Category Archives: Amazon

Slaves to deforestation: Labor abuses fuel Brazil’s Amazon destruction

Brazilian labor inspectors and police find workers in slavery-like conditions in the makeshift camp where they were living while building structures with illegally logged timber, in the state of Para, Brazil, June 25, 2021. Handout/Magno Riga

RIO DE JANEIRO, – When labor inspectors arrived in a rural area of the Brazilian Amazon state of Para in late June, they expected to rescue illegal loggers working in slavery-like conditions. But the trees were already cut down and the loggers gone.

Instead, the officials from Brazil’s anti-slavery mobile enforcement group found four men and a boy of 15 building fences and cattle sheds nearby with the illegal timber, on the orders of a local farmer who kept them in a ramshackle camp.

“They had no water, they had no bathrooms,” said Magno Riga, the inspector in charge of the rescue. “They told us they had never been in such a precarious condition.”

Deforestation surged in Brazil after right-wing President Jair Bolsonaro took office in 2019, giving a green light to mining and agriculture in protected parts of the Amazon and weakening environmental enforcement agencies.

But while the forest loss itself sparked international outcry among foreign governments and the public, little attention has been paid to the labor abuses underpinning the practice, legal specialists told the Thomson Reuters Foundation.

Historically, Para is the state where workers are most often found in slavery-like conditions, accounting for at least 13,259 of a total of 56,000 people found across Brazil since 1995.

The state is also a hot-spot for deforestation, topping the list for Amazon region states since 2006, government data shows.

“The relationship (between deforestation and slavery) is permanent,” said Lys Sobral Cardoso, who leads anti-slavery efforts at Brazil’s Labor Prosecutor’s Office, an independent body of public officials.

“It has been that way for 20 to 30 years,” she added.

CATTLE AND MINES

While there is no hard data on deforestation and slave labor, more than 1,324 workers have been rescued from slavery-like conditions while felling wood from native forests since 1995, said Mauricio Krepsky, head of the government’s Division of Inspection for the Eradication of Slave Labor.

But there are likely many more such cases going undetected, said Krepsky, as inspectors find it hard to get information and rescue workers in remote areas where most deforestation occurs.

“Many workers do not report (their employers) for fear of not getting more work or even of being murdered,” he said.

In 2019, when deforestation jumped, 12 workers were rescued in Para and 17 in Roraima, both Amazon states, with several more rescues carried out since.

Traditionally, unscrupulous farmers have used slave labor to clear land for cattle, which feeds Brazil’s powerful meat-packing industry – but recently mining is also attracting attention from the authorities as a driver of deforestation.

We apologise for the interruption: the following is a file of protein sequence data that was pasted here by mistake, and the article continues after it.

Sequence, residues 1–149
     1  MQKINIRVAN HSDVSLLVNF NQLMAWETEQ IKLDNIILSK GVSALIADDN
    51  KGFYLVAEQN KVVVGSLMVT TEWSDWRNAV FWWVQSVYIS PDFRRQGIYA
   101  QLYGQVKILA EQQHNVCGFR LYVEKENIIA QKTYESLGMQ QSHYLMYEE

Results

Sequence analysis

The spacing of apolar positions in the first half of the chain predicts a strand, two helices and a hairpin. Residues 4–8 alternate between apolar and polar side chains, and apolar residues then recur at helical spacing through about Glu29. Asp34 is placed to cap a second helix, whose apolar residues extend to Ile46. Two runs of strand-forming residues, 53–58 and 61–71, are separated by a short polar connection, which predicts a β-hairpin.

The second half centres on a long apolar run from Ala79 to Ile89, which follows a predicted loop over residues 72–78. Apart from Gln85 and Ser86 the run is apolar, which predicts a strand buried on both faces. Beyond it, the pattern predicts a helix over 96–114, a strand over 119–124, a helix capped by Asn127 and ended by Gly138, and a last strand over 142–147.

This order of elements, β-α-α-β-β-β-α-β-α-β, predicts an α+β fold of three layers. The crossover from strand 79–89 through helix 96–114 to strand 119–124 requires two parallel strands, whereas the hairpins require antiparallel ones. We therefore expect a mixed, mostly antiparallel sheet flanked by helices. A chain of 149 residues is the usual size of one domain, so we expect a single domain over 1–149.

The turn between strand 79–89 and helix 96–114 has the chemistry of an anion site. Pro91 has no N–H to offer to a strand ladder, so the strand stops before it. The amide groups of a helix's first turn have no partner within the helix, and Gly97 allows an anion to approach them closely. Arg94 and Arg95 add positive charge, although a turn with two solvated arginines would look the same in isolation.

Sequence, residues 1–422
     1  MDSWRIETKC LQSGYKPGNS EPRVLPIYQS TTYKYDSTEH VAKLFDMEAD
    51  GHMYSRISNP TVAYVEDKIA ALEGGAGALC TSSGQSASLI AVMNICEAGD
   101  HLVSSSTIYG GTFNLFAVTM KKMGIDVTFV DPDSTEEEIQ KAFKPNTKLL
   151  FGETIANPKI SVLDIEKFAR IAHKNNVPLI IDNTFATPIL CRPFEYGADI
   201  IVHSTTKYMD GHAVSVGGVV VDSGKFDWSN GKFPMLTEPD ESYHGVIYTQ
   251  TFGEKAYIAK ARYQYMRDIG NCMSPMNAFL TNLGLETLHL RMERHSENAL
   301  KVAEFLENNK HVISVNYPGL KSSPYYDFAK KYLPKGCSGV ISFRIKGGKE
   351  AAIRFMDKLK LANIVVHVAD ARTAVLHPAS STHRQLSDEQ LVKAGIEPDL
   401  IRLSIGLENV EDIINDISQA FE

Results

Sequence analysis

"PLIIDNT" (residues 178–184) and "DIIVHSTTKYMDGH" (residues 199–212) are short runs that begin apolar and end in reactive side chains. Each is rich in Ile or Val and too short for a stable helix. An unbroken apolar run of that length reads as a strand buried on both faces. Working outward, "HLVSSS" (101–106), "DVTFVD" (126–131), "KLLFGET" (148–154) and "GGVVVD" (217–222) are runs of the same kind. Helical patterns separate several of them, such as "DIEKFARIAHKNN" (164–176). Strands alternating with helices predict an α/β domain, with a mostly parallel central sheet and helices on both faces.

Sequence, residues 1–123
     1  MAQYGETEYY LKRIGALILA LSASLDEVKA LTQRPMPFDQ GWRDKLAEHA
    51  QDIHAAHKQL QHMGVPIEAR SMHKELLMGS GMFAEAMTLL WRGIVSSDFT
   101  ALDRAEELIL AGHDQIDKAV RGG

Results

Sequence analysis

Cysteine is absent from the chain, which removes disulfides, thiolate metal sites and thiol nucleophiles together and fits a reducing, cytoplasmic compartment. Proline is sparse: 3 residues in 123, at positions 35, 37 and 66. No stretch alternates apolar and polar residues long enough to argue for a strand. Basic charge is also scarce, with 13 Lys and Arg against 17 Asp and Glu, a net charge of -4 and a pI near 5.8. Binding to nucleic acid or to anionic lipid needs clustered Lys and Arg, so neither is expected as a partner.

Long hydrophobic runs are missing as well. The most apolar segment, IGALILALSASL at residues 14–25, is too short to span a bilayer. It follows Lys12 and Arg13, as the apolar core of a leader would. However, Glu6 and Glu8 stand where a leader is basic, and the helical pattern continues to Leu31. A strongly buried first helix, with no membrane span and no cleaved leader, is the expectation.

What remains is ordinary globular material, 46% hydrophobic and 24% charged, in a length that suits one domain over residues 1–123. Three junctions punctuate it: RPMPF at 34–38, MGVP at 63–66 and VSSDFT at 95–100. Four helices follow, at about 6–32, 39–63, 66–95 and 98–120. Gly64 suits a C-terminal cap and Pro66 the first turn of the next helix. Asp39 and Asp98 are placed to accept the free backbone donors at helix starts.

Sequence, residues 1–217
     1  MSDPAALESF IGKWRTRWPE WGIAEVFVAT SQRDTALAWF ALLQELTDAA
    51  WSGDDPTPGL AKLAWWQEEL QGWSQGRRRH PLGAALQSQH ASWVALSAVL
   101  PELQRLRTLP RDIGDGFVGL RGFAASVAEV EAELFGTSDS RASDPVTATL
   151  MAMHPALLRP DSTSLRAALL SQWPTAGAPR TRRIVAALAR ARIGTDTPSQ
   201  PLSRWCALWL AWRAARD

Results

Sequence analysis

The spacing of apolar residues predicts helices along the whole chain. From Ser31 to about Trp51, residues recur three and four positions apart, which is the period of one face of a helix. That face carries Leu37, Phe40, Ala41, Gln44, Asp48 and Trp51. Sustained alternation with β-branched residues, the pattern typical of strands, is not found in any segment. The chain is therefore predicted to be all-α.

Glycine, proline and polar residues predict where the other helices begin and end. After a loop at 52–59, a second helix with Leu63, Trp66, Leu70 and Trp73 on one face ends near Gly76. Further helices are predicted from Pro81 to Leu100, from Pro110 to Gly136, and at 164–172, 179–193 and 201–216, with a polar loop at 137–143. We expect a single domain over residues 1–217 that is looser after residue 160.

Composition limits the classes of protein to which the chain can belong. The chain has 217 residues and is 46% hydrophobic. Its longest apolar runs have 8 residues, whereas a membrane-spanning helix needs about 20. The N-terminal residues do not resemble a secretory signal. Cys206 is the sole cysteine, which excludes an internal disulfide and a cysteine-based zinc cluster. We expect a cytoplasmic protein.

“We do not have consolidated data saying that there is deforestation in all (illegal) mining areas, but in all cases in which I worked, there was deforestation,” said Cardoso, who has worked on about 20 such cases.

As illegal logging and gold mining – both highly profitable industries – have expanded in the Amazon, labor officials have stepped up efforts to tackle the slavery issue.

In 2018, Brazil set up the Labor Prosecutor’s Office to fight abusive working conditions in illegal mines.

On July 28 this year, more than 100 federal police officers drove to a farm in Para, near the city of Ourilandia, to investigate reports of a huge illegal gold mining operation.

“The whole area was deforested illegally,” said labor prosecutor Edelamare Melo, who took part in the raid.

During the operation, federal police arrested six men found responsible for the illegal mining and apprehended machinery. Melo interviewed about 50 workers who were left in the mine but many others fled as soon as they saw the police arrive.

Besides living in flimsy sheds without walls, the workers had no protective gear and drank water left over from the mining process, which Melo said was likely contaminated by mercury.

“All this forms the conditions for slave labor,” she added.

Slavery in Brazil is defined as forced labor but also includes degrading work conditions, long hours posing a health risk or work that violates human dignity.

NO ALTERNATIVES

Three workers from the raided illegal gold mine were sent to a halfway house for rescued slaves in Maraba, in Para state, run by the Comissao Pastoral da Terra (CPT), a Catholic charity that has pioneered anti-slavery efforts in Brazil.

Like most workers rescued from activities linked to deforestation, they were from neighboring states with few employment opportunities, said Geuza Morgado from the CPT.

“We’ve had cases of people being rescued for a second or third time,” said Morgado. “The standard story is that in their towns there are no jobs, so they need to migrate.”